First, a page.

May
6
comment What does a 3D periodic solution of a differential equation look like?
@2mkgz An amazingly incomplete response. I'd actually downvote, if you'd posted an actual answer. :)
May
2
comment How to compute a negative “Multibrot” set?
@DanielAllenLangdon There is a floating point zero that can be produced by simple arithmetic, though, and division by that zero produces a problem. Nonetheless, I was surprised to find it to be a non issue when I coded it in JavaScript. I'm sure the code just misses that scenario due to the improbability of hitting it exactly.
May
1
comment How to compute a negative “Multibrot” set?
Very nice again - thanks!
May
1
comment How to compute a negative “Multibrot” set?
@DanielAllenLangdon Yes, you made it quite clear in your question that you had come to that conclusion after your implementation involving the erroneous bailout. I do hope that you find the mathematical discussion, outline of the algorithm, and Javascript implementation all described in the answer to be of use to you. It's an interesting family and I've certainly enjoyed thinking about it.
May
1
comment How to compute a negative “Multibrot” set?
If you don't mind me asking, how well does your Julia set algorithm work for $p=-2$ and $c=-1/2^{2/3}$?
Apr
30
comment How to compute a negative “Multibrot” set?
Very nice - makes good sense, too. Another approach to generating the Julia set is to simply iterate until you reach the attractive orbit. Since there's just one attractive orbit, you can find it at the outset by iterating from the critical point.
Apr
29
comment How to compute a negative “Multibrot” set?
@Zach466920 Thank you! If $p$ is not an integer, then the function is no longer rational and the analysis becomes much more complicated. If $p$ is not rational, then you'd need to move to the iteration of transcendental functions. There are results along these lines but the situation is really totally different. I would not expect to discover any nice behavior by treating $p$ as a parameter. I've been wrong before, though. :)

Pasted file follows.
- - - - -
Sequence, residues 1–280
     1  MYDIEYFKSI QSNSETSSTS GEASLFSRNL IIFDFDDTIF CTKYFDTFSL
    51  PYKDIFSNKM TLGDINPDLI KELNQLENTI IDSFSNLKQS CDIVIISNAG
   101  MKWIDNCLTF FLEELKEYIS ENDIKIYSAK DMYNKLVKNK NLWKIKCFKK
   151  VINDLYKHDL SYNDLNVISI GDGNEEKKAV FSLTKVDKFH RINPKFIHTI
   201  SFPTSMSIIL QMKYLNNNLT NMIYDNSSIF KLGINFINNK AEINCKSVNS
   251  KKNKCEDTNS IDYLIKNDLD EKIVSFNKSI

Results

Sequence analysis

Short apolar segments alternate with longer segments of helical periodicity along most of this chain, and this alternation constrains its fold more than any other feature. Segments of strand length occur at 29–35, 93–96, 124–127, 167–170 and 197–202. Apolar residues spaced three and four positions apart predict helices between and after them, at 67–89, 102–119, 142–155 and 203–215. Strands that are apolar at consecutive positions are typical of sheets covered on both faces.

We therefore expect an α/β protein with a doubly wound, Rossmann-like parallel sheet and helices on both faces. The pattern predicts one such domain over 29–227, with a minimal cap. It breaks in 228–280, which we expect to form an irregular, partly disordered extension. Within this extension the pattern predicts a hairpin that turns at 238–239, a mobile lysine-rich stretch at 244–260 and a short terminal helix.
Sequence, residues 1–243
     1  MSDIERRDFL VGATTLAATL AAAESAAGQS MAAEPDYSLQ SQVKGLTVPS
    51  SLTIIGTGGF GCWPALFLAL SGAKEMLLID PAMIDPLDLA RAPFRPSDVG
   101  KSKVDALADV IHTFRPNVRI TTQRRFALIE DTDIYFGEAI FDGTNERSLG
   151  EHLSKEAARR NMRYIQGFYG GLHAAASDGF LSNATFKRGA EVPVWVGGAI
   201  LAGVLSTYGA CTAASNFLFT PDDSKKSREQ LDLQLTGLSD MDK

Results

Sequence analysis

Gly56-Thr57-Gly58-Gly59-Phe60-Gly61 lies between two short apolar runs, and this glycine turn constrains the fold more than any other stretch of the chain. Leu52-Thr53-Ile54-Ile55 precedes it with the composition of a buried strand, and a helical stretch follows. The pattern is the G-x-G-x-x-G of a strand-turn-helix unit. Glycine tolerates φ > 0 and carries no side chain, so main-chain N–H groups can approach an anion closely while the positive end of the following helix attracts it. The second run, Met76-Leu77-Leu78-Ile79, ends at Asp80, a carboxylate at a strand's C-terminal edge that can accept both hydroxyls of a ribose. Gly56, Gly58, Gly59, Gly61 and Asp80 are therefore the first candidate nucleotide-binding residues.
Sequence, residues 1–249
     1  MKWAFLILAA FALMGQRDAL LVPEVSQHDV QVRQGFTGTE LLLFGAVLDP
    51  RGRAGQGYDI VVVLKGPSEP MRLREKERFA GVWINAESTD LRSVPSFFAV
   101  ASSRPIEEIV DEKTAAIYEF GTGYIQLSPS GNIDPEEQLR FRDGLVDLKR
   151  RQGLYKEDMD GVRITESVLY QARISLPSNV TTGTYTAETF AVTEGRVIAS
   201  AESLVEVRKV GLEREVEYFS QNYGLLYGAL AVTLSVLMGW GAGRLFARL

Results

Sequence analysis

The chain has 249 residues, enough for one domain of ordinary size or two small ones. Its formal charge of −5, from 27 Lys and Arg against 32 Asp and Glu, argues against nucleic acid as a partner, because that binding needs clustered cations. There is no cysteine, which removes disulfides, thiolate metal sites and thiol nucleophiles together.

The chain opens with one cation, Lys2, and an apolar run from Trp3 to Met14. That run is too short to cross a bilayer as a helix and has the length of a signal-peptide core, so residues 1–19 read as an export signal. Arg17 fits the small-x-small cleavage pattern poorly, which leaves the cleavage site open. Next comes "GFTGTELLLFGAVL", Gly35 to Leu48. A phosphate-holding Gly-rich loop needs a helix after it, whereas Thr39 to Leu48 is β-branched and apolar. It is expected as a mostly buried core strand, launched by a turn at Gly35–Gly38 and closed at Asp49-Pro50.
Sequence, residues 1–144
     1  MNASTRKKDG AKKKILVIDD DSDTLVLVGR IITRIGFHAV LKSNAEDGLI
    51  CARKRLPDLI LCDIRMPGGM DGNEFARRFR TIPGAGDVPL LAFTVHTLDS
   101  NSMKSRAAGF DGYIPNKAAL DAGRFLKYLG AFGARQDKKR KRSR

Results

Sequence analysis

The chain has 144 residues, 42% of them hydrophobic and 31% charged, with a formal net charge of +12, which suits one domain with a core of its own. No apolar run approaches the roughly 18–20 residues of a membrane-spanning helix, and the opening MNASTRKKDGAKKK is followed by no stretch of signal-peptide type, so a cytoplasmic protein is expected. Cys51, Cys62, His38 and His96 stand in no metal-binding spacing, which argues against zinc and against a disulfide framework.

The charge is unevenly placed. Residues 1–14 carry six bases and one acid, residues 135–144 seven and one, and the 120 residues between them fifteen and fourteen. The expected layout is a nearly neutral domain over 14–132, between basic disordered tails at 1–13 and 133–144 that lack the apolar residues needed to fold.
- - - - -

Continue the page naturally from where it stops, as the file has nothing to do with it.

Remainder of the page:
Apr
29
comment Is the adjacency matrix of a given graph (OR any graphs isomorphic to a given graph) a Kronecker product, and if so what are the factors?
Welcome to the community. You might also be interested in mathematica.se. In either case, there are useful formatting tools for typeset mathematics and code. I edited your question to make the code more accessible. Have fun!
Apr
23
comment how do i prove that a collection of contractions does not satisfy the open set condition?
To be more blunt, could you please present the IFS that you are working with? The question is interesting and potentially challenging. Given the IFS, someone might very well be interested in the challenge. Without it, certainly no one can answer your question.
Apr
22
comment how do i prove that a collection of contractions does not satisfy the open set condition?
I believe this is a very difficult problem from a purely algorithmic perspective and that there is no known, general algorithm. It might be possible to address your question specifically, if you could present the four functions that comprise the IFS.